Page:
DIRECTIONS: In the passages that follow, some words and phrases are underlined and numbered. In the answer column, you will find alternatives for the words and phrases that are underlined. Choose the alternative that you think is best, and fill in the corresponding bubble on your answer sheet. If you think that the original version is best, choose “NO CHANGE,” which will always be either answer choice A or F. You will also find questions about a particular section of the passage, or about the entire passage. These questions will be identified either by an underlined portion or by a number in a box. Look for the answer that clearly expresses the idea, is consistent with the style and tone of the passage, and makes the correct use of standard written English. Read the passage through once before answering the questions. For some questions, you should read beyond the indicated portion before you answer.
Our Advanced English teacher Mr. Peale; Q1 decided to end the semester with a unique and unexpected challenge. He wanted each of us to find a picture of a famous oil painting that we especially liked and Q2 bring it to school. We were certain he was going to have us write something about our pictures, so we all happily shared: Q3 our Picassos, Van Goghs, and Cezannes in class the next day. Then the surprise announcement came. We were each to attempt to copy our picture onto a full-sized canvas using real oil paints and brushes. The brushes were not real boar 49 bristles, but Mr. Peale said they would work just as well. Q4
I will never forget how terribly insecure I felt as I began my painting. As I secretly glanced looking at others around me Q5 , my anxiety and self-doubt only seemed to grow. It appears Q6 to me that my peers were not only brilliant English students but accomplished artists as well! Mr. Peale walked around the classroom and suddenly became an art instructor as he loudly proclaimed Q7 to the other students what an excellent job they were doing. I felt quite tentative and barely had a mark on my own canvas. I was way out of my element!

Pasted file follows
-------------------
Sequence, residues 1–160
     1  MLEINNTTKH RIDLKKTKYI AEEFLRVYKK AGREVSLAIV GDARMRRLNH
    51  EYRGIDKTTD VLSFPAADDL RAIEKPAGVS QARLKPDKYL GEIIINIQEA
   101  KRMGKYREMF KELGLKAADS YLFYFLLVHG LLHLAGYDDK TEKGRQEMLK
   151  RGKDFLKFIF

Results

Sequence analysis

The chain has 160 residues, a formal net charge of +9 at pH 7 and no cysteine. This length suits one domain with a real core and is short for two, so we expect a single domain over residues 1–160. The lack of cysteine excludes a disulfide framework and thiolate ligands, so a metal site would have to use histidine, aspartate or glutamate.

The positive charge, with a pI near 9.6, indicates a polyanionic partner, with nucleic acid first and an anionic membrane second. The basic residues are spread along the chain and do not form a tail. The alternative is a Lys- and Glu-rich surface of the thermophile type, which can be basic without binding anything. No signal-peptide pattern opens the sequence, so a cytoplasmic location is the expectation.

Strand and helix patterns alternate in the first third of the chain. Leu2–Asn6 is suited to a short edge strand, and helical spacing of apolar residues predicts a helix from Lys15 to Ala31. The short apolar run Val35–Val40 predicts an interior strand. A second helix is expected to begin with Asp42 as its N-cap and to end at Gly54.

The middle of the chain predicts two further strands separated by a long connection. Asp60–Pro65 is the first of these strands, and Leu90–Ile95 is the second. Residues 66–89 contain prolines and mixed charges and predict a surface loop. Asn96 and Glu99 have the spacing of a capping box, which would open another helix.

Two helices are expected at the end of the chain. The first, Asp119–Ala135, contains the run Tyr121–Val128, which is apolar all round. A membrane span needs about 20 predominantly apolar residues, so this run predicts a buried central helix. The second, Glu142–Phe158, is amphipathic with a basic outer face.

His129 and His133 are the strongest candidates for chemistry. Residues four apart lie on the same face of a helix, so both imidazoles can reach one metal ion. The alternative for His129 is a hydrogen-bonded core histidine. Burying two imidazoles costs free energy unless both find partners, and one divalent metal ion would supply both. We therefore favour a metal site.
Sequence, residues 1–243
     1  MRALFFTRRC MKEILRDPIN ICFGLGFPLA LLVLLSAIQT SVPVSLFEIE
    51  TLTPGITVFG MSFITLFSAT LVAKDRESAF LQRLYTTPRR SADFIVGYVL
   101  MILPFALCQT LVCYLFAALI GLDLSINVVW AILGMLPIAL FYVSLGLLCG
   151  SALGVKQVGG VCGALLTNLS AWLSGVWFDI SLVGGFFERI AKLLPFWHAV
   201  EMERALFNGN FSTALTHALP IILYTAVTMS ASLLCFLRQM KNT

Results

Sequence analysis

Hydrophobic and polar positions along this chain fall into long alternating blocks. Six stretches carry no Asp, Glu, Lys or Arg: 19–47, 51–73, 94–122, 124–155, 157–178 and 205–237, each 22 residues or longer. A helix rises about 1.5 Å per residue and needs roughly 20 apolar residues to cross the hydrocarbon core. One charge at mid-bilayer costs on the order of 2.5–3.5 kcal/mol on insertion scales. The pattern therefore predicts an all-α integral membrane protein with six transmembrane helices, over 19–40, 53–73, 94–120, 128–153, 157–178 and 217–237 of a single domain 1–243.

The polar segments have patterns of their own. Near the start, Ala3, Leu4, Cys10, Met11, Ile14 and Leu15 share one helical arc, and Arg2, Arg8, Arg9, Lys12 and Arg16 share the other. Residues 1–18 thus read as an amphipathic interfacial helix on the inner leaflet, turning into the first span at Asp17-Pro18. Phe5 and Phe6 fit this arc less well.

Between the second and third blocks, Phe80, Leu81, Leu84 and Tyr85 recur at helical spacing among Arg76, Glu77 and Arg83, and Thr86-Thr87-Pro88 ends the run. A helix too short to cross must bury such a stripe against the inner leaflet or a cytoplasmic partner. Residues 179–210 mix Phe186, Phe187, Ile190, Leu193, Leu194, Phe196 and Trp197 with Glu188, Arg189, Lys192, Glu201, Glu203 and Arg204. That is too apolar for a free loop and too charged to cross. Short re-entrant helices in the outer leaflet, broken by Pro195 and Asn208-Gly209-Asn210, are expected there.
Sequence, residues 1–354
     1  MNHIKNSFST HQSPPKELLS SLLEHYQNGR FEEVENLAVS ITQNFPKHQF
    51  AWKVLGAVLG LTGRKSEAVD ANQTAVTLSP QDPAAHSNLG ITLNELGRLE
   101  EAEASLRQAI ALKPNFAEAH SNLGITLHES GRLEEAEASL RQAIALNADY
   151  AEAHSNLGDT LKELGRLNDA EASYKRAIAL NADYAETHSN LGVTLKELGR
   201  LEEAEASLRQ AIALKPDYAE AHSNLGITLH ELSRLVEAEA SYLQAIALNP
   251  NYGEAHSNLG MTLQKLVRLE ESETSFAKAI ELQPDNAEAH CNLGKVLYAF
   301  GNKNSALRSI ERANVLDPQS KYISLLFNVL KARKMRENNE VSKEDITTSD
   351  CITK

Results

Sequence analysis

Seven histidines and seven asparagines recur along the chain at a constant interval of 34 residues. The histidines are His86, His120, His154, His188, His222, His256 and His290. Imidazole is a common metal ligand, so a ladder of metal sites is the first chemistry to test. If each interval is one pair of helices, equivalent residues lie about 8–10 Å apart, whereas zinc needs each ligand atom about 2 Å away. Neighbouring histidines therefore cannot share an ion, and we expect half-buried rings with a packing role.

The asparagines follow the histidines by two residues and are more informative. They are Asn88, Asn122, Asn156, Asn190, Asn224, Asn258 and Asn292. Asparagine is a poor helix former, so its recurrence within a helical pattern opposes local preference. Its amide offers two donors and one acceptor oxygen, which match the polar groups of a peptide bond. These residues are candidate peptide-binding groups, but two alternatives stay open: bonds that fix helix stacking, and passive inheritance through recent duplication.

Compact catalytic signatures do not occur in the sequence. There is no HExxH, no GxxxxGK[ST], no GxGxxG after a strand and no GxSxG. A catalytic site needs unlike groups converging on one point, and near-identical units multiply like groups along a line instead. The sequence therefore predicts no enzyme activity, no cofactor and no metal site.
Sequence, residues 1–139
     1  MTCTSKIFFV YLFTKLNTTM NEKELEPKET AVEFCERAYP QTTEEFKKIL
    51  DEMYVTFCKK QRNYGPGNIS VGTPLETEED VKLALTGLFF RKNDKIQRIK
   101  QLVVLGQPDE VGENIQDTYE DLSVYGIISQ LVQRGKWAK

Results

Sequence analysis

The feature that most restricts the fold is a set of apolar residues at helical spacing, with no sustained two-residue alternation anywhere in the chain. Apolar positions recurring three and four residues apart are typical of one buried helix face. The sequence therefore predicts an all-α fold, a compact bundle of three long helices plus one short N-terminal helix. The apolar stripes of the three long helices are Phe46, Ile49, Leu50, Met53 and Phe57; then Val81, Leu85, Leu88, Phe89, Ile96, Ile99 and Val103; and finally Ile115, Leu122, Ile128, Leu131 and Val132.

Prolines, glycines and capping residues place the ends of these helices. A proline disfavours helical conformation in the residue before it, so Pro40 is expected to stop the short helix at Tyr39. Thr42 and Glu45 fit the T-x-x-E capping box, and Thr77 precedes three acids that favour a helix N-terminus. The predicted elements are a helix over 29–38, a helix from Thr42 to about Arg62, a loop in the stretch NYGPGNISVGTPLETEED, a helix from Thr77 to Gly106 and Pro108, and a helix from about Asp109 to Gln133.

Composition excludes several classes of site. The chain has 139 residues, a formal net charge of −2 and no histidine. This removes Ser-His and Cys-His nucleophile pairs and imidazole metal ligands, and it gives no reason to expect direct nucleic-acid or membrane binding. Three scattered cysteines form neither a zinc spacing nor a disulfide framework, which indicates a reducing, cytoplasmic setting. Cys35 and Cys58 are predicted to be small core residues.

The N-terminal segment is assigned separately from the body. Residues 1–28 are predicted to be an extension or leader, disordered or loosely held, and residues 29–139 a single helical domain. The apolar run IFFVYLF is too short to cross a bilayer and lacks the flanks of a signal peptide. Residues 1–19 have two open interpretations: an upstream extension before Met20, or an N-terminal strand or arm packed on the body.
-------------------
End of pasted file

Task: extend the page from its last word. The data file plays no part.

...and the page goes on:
Mr. Peale finally walked over to me and I silently gulped.  He said very little about my attempts, which was both a blessing and a curse. Q8
 His lack of comment kept me from turning beet red, yet his quiet demeanor clearly told me that he was unimpressed with my torturous efforts.  He continued past me to the next student, which, to me, was an obvious message that I was completely hopeless as an artist.  I had been so reluctant to begin my painting, despite my love for the artist’s rendering of a beautiful bronze, pink, and yellow sunset and a single leafless tree in the foreground.  Something snapped inside me as Mr. Peale announced that we were done for the day, and we would continue this week-long project the tomorrow.  I could hardly wait to get back there and work on my masterpiece. Q9
By the end of this odd assignment, I was actually thrilled with that being which Q10 I had reproduced. While my painting wasn’t as dramatic as many of my classmates’, and it didn’t look exactly like its original, I did feel I had captured its essence. Q11
The painting is actually hanging on my wall Q12 for years afterwards. I had moved past my fears and lack of self-confidence and allowed myself to explore the space of the canvas, the enticing oil colors, and a variety of brush strokes. I actually felt that somewhat Q13 inside of me there was an artist.
To this day, I have no idea what Mr. Peale’s intention was when he asked his English students to reproduce a famous oil painting. Was he merely trying to fill up the end of the semester by keeping us preoccupied with busywork Q14 while he sat at his desk and red-lined the novelettes we had written earlier in the semester? Or was he challenging our self-importance as Advanced English students, trying to knock us down a peg or two? I do know what I will still think Q15 about what that assignment taught me about myself: the absolute beauty of surrendering to the possibilities in life, and that for a small moment, I too was an artist.